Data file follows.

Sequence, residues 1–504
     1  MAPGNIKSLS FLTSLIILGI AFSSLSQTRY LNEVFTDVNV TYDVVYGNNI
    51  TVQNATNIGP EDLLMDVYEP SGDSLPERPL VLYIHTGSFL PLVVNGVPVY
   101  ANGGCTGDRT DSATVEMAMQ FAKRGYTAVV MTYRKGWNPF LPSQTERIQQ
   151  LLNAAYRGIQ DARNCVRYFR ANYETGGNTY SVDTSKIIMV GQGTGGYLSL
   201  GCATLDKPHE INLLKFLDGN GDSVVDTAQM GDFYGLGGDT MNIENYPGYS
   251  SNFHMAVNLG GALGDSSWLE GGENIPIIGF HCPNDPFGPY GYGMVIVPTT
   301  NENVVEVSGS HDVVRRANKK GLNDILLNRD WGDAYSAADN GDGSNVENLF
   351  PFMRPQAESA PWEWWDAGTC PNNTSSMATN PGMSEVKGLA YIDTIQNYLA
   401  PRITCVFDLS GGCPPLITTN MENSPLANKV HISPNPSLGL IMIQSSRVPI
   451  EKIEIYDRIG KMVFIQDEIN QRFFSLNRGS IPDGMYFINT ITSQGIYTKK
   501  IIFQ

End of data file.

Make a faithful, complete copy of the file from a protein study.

Sequence, residues 1–504
     1  MAPGNIKSLS FLTSLIILGI AFSSLSQTRY LNEVFTDVNV TYDVVYGNNI
    51  TVQNATNIGP EDLLMDVYEP SGDSLPERPL VLYIHTGSFL PLVVNGVPVY
   101  ANGGCTGDRT DSATVEMAMQ FAKRGYTAVV MTYRKGWNPF LPSQTERIQQ
   151  LLNAAYRGIQ DARNCVRYFR ANYETGGNTY SVDTSKIIMV GQGTGGYLSL
   201  GCATLDKPHE INLLKFLDGN GDSVVDTAQM GDFYGLGGDT MNIENYPGYS
   251  SNFHMAVNLG GALGDSSWLE GGENIPIIGF HCPNDPFGPY GYGMVIVPTT
   301  NENVVEVSGS HDVVRRANKK GLNDILLNRD WGDAYSAADN GDGSNVENLF
   351  PFMRPQAESA PWEWWDAGTC PNNTSSMATN PGMSEVKGLA YIDTIQNYLA
   401  PRITCVFDLS GGCPPLITTN MENSPLANKV HISPNPSLGL IMIQSSRVPI
   451  EKIEIYDRIG KMVFIQDEIN QRFFSLNRGS IPDGMYFINT ITSQGIYTKK
   501  IIFQ